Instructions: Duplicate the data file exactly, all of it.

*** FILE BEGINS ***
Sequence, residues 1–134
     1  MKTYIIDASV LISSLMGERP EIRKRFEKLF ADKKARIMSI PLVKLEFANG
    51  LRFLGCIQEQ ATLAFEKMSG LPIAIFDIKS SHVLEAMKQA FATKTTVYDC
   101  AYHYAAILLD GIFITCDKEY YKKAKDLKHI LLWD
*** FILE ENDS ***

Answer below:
Sequence, residues 1–134
     1  MKTYIIDASV LISSLMGERP EIRKRFEKLF ADKKARIMSI PLVKLEFANG
    51  LRFLGCIQEQ ATLAFEKMSG LPIAIFDIKS SHVLEAMKQA FATKTTVYDC
   101  AYHYAAILLD GIFITCDKEY YKKAKDLKHI LLWD